Was Michael Harris II for Real?
The Atlanta Braves’ Michael Harris II was incredible last season. The NL Rookie of the Year finished the season with an impressive 4.8 fWAR in just 114 games and provided elite defense at a premium position. His bat was the most impressive part of the 21-year-old game, as he barely missed out on a 20-20 season and a .300 AVG. But, can you expect the same level of offense from Money Mike in 2023? The advanced metrics might say otherwise.
Was Michael Harris for Real in 2022?
Yes. Anytime a 21 year-old comes up from AA and plays at a 6-WAR pace over 441 PAs, they are for real. Harris’s contributions in center are a huge reason why the Braves were able to steal the NL East away from the Mets despite being 10.5 games back on June 1st.
However, a closer inspection of Harris’s expected stats reveals that Braves fans shouldn’t readily expect the CF to repeat a 136 wRC+ season again in 2023.
If you were to first look at Harris’s Baseball Savant profile, this might sound absurd at first. By every batted ball metric, the lefty is, at a minimum, in the 61st percentile. By xBA and xSLG, he was in the 80th percentile. These are not indications of a player who is vastly overperforming or getting incredibly lucky by BABIP.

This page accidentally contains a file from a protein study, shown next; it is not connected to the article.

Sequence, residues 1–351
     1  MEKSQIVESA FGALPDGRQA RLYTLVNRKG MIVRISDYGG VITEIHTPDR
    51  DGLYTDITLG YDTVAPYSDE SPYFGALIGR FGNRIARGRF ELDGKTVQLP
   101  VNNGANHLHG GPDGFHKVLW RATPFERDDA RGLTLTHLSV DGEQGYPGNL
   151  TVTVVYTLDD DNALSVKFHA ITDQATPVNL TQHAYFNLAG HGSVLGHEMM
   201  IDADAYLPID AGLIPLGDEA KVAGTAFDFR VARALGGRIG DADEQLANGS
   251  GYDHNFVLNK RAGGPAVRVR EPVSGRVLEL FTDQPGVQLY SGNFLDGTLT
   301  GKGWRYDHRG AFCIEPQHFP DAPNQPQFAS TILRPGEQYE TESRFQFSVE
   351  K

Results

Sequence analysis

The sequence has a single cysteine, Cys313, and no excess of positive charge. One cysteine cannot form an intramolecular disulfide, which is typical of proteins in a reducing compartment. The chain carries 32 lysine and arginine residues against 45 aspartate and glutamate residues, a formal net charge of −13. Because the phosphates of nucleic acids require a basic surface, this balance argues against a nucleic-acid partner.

Simply put, this is not an article trying to convince Braves fans that Michael Harris is going to fall off completely as a hitter next season and that his eight year extension is going to be a massive bust. If anything, I hope to reassure you by the end of the article that Harris will probably make that deal well worth it for both parties.
However, despite ranking in the 80th percentile in both xSLG and xBA, Harris actually greatly overperformed his every one of his expected stats by a fairly substantial margin. On the Braves, Harris was the third-biggest over-performer by both xBA and the second-biggest over-performer by xSLG.